Grinage v. Social Security Administration

Filing 17

MEMORANDUM OPINION AND ORDER affirming the Commissioner's decision and dismissing Plaintiff's Complaint with prejudice. Signed by Magistrate Judge Joe J. Volpe on 9/16/2014. (mcz)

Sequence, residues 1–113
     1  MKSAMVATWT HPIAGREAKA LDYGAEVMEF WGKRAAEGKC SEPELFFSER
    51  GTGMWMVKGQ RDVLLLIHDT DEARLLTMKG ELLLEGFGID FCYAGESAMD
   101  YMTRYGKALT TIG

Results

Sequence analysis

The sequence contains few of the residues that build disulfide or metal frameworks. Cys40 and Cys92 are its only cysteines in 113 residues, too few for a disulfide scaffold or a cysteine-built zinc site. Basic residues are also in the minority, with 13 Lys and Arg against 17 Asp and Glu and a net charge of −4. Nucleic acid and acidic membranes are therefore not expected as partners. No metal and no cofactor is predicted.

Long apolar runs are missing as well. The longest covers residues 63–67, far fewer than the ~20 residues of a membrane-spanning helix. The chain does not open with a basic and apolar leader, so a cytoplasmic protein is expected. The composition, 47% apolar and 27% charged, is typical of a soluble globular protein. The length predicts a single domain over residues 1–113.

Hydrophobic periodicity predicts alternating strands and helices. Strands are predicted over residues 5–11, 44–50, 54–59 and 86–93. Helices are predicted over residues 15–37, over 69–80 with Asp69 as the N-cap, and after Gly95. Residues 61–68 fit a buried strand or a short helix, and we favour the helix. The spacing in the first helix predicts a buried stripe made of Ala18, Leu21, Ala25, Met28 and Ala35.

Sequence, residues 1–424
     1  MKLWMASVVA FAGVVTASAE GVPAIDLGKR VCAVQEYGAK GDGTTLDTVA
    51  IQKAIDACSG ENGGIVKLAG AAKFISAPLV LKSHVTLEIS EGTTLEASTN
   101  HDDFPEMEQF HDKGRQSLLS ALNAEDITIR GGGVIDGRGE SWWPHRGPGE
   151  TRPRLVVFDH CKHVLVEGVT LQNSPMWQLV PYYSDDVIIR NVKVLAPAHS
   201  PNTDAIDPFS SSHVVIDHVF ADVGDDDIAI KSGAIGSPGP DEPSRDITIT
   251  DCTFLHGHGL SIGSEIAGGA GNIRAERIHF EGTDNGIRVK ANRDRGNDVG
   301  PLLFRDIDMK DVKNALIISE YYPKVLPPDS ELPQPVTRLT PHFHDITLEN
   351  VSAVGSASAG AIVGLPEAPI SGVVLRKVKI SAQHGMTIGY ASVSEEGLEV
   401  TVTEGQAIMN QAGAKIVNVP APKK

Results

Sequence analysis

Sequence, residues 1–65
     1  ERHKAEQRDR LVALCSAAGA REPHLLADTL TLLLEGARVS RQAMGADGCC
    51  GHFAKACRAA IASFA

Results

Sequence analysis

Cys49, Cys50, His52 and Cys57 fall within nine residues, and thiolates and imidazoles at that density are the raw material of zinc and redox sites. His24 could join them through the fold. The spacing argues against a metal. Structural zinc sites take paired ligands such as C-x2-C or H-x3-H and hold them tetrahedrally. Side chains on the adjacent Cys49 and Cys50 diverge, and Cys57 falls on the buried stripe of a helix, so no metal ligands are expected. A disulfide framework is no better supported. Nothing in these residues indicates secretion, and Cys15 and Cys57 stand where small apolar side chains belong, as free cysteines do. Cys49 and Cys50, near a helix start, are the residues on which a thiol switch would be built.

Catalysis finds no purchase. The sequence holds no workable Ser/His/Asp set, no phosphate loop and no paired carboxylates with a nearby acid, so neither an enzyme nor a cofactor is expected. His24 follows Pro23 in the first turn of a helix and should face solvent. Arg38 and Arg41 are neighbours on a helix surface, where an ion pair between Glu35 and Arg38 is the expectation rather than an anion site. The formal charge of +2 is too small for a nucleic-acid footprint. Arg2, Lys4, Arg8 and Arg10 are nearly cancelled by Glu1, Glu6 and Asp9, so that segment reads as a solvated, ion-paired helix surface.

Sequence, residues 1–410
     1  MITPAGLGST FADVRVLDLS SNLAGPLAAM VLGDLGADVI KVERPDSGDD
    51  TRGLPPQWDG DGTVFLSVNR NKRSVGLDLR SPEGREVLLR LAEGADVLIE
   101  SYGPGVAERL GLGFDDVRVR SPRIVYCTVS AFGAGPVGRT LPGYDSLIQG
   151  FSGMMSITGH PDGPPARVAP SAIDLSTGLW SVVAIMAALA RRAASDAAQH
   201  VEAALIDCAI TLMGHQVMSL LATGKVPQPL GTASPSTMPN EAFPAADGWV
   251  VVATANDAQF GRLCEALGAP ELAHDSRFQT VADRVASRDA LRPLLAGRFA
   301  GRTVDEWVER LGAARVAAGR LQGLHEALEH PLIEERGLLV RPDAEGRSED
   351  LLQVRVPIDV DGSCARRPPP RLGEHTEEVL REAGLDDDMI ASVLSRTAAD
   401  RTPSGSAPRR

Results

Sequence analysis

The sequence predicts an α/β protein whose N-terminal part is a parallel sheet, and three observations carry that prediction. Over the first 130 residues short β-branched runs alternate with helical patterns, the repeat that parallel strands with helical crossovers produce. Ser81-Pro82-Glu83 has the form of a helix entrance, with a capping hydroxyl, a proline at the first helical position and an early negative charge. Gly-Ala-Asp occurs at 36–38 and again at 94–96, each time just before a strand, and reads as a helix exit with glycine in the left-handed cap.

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IN THE UNITED STATES DISTRICT COURT EASTERN DISTRICT OF ARKANSAS PINE BLUFF DIVISION BENJAMIN GRINAGE II, Plaintiff, v. CAROLYN W. COLVIN, Acting Commissioner, Social Security Administration, Defendant. * * * * * * * * * * No. 5:13CV00325-JJV MEMORANDUM OPINION AND ORDER Plaintiff, Benjamin Grinage, appeals the final decision of the Commissioner of the Social Security Administration (the “Commissioner”) denying his claims for disability insurance benefits (“DIB”) under Title II of the Social Security Act (the “Act”). For reasons set out below, the decision of the Commissioner is AFFIRMED. I. BACKGROUND On December 2, 2009, Mr. Grinage protectively filed for DIB benefits due to left knee replacement, high blood pressure, PTSD, gout, and arthritis. (Tr. 235) Mr. Grinage’s claims were denied initially and upon reconsideration. At Mr. Grinage’s request, an Administrative Law Judge (“ALJ”) held a hearing on May 15, 2012, where Mr. Grinage appeared with his lawyer. At the hearing, the ALJ heard testimony from Mr. Grinage, his wife, and a vocational expert (“VE”). (Tr. 70-114) The ALJ issued a decision on June 19, 2012, finding that Mr. Grinage was not disabled under the Act. (Tr. 23-39) The Appeals Council denied Mr. Grinage’s request for review, making the ALJ’s decision the Commissioner’s final decision. (Tr. 1-3) Mr. Grinage, who was forty-four years old at the time of the hearing, has a high school 1 education and past relevant work experience as a patrolman and traffic sergeant. (Tr. 110) II. DECISION OF THE ADMINISTRATIVE LAW JUDGE1 The ALJ found that Mr. Grinage had not engaged in substantial gainful activity since July 27, 2009, and he had the following severe impairments: osteoarthritis, hypertension, mood disorder, anxiety disorder (PTSD), and substance disorder in remission. (Tr. 25) However, the ALJ found that Mr. Grinage did not have an impairment or combination of impairments meeting or equaling an impairment listed in 20 C.F.R. Part 404, Subpart P, Appendix 1.2 (Id.) According to the ALJ, Mr. Grinage has the residual functional capacity (“RFC”) to do less than the full range of light work. He can occasionally climb stairs, balance, stoop, kneel, crouch, and crawl, but can never climb ladders or perform work requiring more than one month of training. He must avoid hazards and unprotected heights and would need to sit/stand at will. He is limited to simple instructions, simple work related decisions, work where the complexity of the tasks is performed by rote, with few variables and little judgment, and few, if any, work place changes. Supervision must be simple, direct, and concrete. (Tr. 28) The VE testified that the jobs available with these limitations were small products assembler and electrical assembler. (Tr. 111) Accordingly, the ALJ determined that Mr. Grinage could perform a significant number of other jobs existing in the national economy, and found that he was not disabled. 1 The ALJ followed the required sequential analysis to determine: (1) whether the claimant was engaged in substantial gainful activity; (2) if not, whether the claimant had a severe impairment; (3) if so, whether the impairment (or combination of impairments) met or equaled a listed impairment; and (4) if not, whether the impairment (or combination of impairments) prevented the claimant from performing past relevant work; and (5) if so, whether the impairment (or combination of impairments) prevented the claimant from performing any other jobs available in significant numbers in the national economy. 20 C.F.R. §§ 416.920(a)-(g). 2 20 C.F.R. §§ 404.1520(d), 404.1525, and 404.1526. 2 III. ANALYSIS A. Standard of Review In reviewing the Commissioner’s decision, this Court must determine whether there is substantial evidence in the record as a whole to support the decision.3 Substantial evidence is “less than a preponderance, but sufficient for reasonable minds to find it adequate to support the decision.”4 In reviewing the record as a whole, the Court must consider both evidence that detracts from the Commissioner’s decision and evidence that supports the decision; but, the decision cannot be reversed “simply because some evidence may support the opposite conclusion.”5 B. Mr. Grinage’s Arguments for Reversal Mr. Grinage asserts that the Commissioner’s decision should be reversed because it is not supported by substantial evidence. Specifically, Mr. Grinage contends that the ALJ (1) erred in his credibility finding; (2) erred in his RFC finding; and (3) failed to meet his burden at step 5 (Doc. No. 14). 1. Credibility Mr. Grinage contends the ALJ’s credibility finding is not supported by substantial evidence in the record. When assessing the credibility of the severity of Mr. Grinage’s impairments, the ALJ properly considered Mr. Grinage activities of daily living.6 The ALJ noted that Mr. Grinage can 3 Boettcher v. Astrue, 652 F.3d 860, 863 (8th Cir. 2011); 42 U.S.C. § 405(g). 4 Id. (citing Guilliams v. Barnhart, 393 F.3d 798, 801 (8th Cir. 2005)). 5 Id. (citing Pelkey v. Barnhart, 433 F.3d 575, 578 (8th Cir. 2006)). 6 Clark v. Chater, 75 F.3d 414, 417 (8th Cir. 1996) (An ALJ weighs the credibility of a claimant’s subjective complaints of pain by considering multiple factors, including daily activities, 3 clean, shop, cook, drive, pay bills, do the dishes, and take care of his personal needs. He also noted that Mr. Grinage regularly goes fishing, visits with relatives in Little Rock, and goes to church. (Tr. 27, 29) The ALJ pointed out that, though Mr. Grinage claims that working “aggravates his condition,” no treating doctors “have placed the level of limitation on him that he has alleged.” (Doc. No. 29) Mr. Grinage argued that Dr. Martin listed him as “retired/disabled” on a November 2011 note, but there is some indication that this notation was based on Mr. Grinage’s opinion, since the notes from May 18, 2011, read “disabled per patient.” (Tr. 683, 805) Additionally, before the May 2011 note, the last mention of work restrictions was from July 2010 where Dr. Martin found that Mr. Grinage could do “no jumping, no squatting, no running, no kneeling, and no heavy lifting.” (Tr. 644) Two months before that, Dr. Grinage released Mr. Grinage to perform “administrative type duties.” (Tr. 646) I recognize that Mr. Grinage had a second knee surgery in July 2011, but there is no explanation for the significant status change. Mr. Grinage also refers to a May 23, 2012, letter where Dr. Martin indicated that the “infection has resolved, but Mr. Grinage has been left with significant functional impairment with the inability to seek gainful employment.” (Tr. 789) Dr. Martin did not elaborate further. Notably, this letter was obtained a few weeks after Mr. Grinage’s hearing in front of the ALJ. Furthermore, it is contrary to the record as a whole. From August 2011 through January 2012, Mr. Grinage repeatedly reported that his knee was improving, though there was occasional swelling. (Tr. 693710) Mr. Grinage informed his physical therapist on September 2, 2011, that he was sore after he “did a lot over the weekend.” (Tr. 684) In January 2012, he was able to travel to Las Vegas for vacation. (Tr. 772) By February 3, 2012, the notes reflect that his knee is “doing great” and “doing and may discredit complaints if they are “inconsistent with the evidence as a whole.”). 4 fine.” (Tr. 711) Finally, when Dr. Martin wrote the May 2012 note, he had not seen Mr. Grinage since November 2011, and at that time Mr. Grinage reported only “mild pain.” (Tr. 683) Accordingly, the ALJ appropriately discounted Dr. Martin’s conclusion.7 2. RFC Finding Mr. Grinage contends the ALJ’s RFC finding is contrary to Dr. Martin’s May 2012 statement that Mr. Grinage is no longer able to work. For the same reasons as set out above, the ALJ did not err in disregarding Dr. Martin’s May 2012 letter. Additionally, the RFC finding is consistent with the objective medical records as a whole. As for the alleged mental impairments, the ALJ properly considered them and included restrictions in the RFC. Mr. Grinage argues the ALJ erred by relying on Dr. McDonald’s GAF score of 55 rather than the other GAF scores in the record; but Mr. Grinage did not cite any earlier GAF scores. Either way, an ALJ is permitted to disregard GAF scores when they conflict with the medical evidence and the claimant’s functional abilities.8 Additionally, in November 2007, Mr. Grinage was diagnosed with PTSD related to an accident that occurred in 1988, but he continued to work as a police officer until he hurt his knee in July 2009. (Tr. 345-348) An ALJ may find that a mental impairment is not disabling when a claimant continues to work.9 7 Anderson v. Astrue, 696 F.3d 790, 793 (8th Cir. 2012) (holding that an ALJ may discount or even disregard the opinions of a treating physician, when they are inconsistent or where other medical assessments are better supported). 8 Jones v. Astrue, 619 F.3d 963, 974 (8th Cir. 2010). 9 Krone v. Apfel, 187 F.3d 642 (8th Cir. 1999) (finding that “despite some evidence of a possible mental impairment,” the fact that claimant continued to work indicated that any impairment was not disabling). 5 3. Step 5 Mr. Grinage argues the ALJ’s hypothetical did not consider the side-effects of his medications, did not mention walking limitations, did not consider the mental and physical impairments set out by Dr. Martin and the GAF scores, and did not consider limitations on concentration, persistence, and pace. (Doc. No. 14) Contrary to Mr. Grinage’s argument, the ALJ considered the side-effects of his medications when the ALJ found that he “must avoid hazards and unprotected heights.” (Tr. 28) Additionally, Mr. Grinage testified that he worked for years as a police officer while taking the same medications. (Tr. 88) As for the walking limitations, the ALJ addressed this when he indicated that Mr. Grinage should be able to sit/stand “at will.” As mentioned above, the arguments based on Dr. Martin’s letter and GAF scores are without merit. And finally, the limitations on concentration, persistence, and pace were considered when the ALJ limited the RFC to simple instructions, simple work related decisions, work where the complexity of the tasks is performed by rote, with few variables and little judgment, few, if any, work place changes, and simple, direct, and concrete supervision. (Tr. 28) IV. CONCLUSION The Court has reviewed the entire record, including the briefs, the ALJ’s decision, the transcript of the hearing, and the medical and other evidence. There is sufficient evidence in the record as a whole to support the Commissioner’s decision. Accordingly, the Commissioner’s decision is affirmed and Mr. Grinage’s Complaint is dismissed with prejudice. IT IS SO ORDERED this 16th day of September, 2014. ____________________________________ JOE J. VOLPE UNITED STATES MAGISTRATE JUDGE 6